Holy Spirit at the heart of Mora man’s card ministry

Stanley Kuchar and his wife, Helen, were married for 67 years. When Helen died in 2013, he was devastated. “I was married to the dearest wife,” he said. “God gave me a better partner than I deserved, I think.”

Stanley Kuchar sits in the dining room of his home in Mora writing messages in cards he makes himself. photo by Dianne Towalski

The Kuchars, who moved to Mora in 1949, were active in their parish and well-known in the community, so he received many sympathy cards.

“After Helen passed away, I answered all the messages in the sympathy cards, and then I was at a loss,” said Kuchar, who is 99 years old.

He started looking for people he could write to and found them in the local newspaper.

He searched through the Kanabec County Times and picked out people that he thought needed encouragement or deserved recognition. Then he sent them cards.

What started as a way to cope with his grief has become a ministry touching countless lives.

For the past nine years, Kuchar, a member of St. Mary Parish, has been sending cards with hopeful messages to people in his parish and wider community.

He mails them homemade, handwritten cards that he creates using photographs of flowers that he grows around the house in which he and Helen raised their family.

He sends the cards to local students to recognize academic or athletic achievements or to someone he reads about who is struggling and needs encouragement. Some students have been so touched by his messages that they have invited him to their graduation parties, he said.

Cards also go to other members of the community to celebrate milestones like retirements or new jobs, to wish happy birthday or to say get well.

“If it’s somebody that’s ill, I’ll write a message that they aren’t alone, that God’s the greatest healer,” said Kuchar, who worked as a pharmacist until he retired at age 82.

“It’s been beneficial for me, it gave me a sense of worth and it made me get up in the morning and get busy because I was needed to help somebody,” Kuchar said. “But it wasn’t that I did it. It is God working through me. It’s surprising what comes up when I ask the Holy Spirit for help.”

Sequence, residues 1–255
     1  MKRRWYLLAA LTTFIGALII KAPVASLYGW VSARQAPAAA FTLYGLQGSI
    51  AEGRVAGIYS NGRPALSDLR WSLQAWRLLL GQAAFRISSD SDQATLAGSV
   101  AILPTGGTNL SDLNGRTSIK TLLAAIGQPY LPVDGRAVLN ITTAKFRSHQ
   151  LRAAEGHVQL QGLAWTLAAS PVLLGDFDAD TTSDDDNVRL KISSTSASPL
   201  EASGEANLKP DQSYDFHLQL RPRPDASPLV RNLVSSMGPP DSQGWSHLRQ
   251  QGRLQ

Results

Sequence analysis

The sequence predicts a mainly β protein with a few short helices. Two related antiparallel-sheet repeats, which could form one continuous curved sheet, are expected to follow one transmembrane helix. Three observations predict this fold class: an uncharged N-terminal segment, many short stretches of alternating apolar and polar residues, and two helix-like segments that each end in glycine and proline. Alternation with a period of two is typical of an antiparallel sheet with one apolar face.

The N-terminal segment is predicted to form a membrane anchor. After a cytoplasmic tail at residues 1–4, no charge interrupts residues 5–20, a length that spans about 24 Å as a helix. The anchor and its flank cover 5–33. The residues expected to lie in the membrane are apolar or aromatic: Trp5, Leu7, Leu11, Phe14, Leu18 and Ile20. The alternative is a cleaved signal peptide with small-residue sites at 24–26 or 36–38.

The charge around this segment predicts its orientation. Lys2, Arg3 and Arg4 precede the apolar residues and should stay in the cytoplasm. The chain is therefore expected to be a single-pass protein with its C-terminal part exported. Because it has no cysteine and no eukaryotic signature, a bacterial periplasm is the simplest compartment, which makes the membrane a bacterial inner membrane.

Rita Clasemann gives Stanley Kuchar a hug after a visit. photo by Dianne Towalski

He’s lost track of the number of rolls of 100 stamps he has gone through.

“There’s hardly a week that goes by that someone doesn’t say to me, ‘I got a card from Stan,’” said Rita Clasemann, a former parish life coordinator at St. Mary’s.

Clasemann takes Communion to Kuchar most Sundays. Getting to Mass is a little harder for him these days, but he spends a tremendous amount of time in prayer, she said.

“I am quiet all day so I can pray for people,” he said. He watches the news in the morning and evening, but keeps the house quiet during the day for prayer.

Kuchar has been very active at St. Mary’s over the years, serving as a parish council member, trustee and choir member. He was one of the founding members of the parish’s bereavement committee and served on the RCIA team for a number of years, he said.

Now with his prayers and cards, Kuchar continues to touch people without even leaving his house, Clasemann said.

“Well, God through me,” Kuchar said. “It’s the Holy Spirit.”

Father Derek Wiechmann, pastor of the Four Pillars in Faith Area Catholic Community, which includes St. Mary’s, has received many cards from Kuchar.

“They’ve all been so encouraging and uplifting and just extending that, ‘I’m praying for you,’” he said. “And that means so much, because how often do we hear that in a day?”

Kuchar, is being Christ to others in his prayers and card ministry, Father Wiechmann said.

“The heart of the Eucharist, of course, is our Lord’s body and blood shared with us, and certainly this sharing should be a part of every aspect of our lives,” Father Wiechmann said. “When we receive the Eucharist, the graces flow through us and live in us so that everyone we meet, everyone we see, can see Jesus.”

The ministry is a fruit of Kuchar’s prayer life and how often he has received Jesus in the Eucharist, Father Wiechmann said.

“That charity, the fire of charity,” he said. “That’s a way that the heart of Jesus is described, and that charity then flows through Stanley.”

Author: Dianne Towalski

Dianne Towalski is a multimedia reporter for The Central Minnesota Catholic Magazine.

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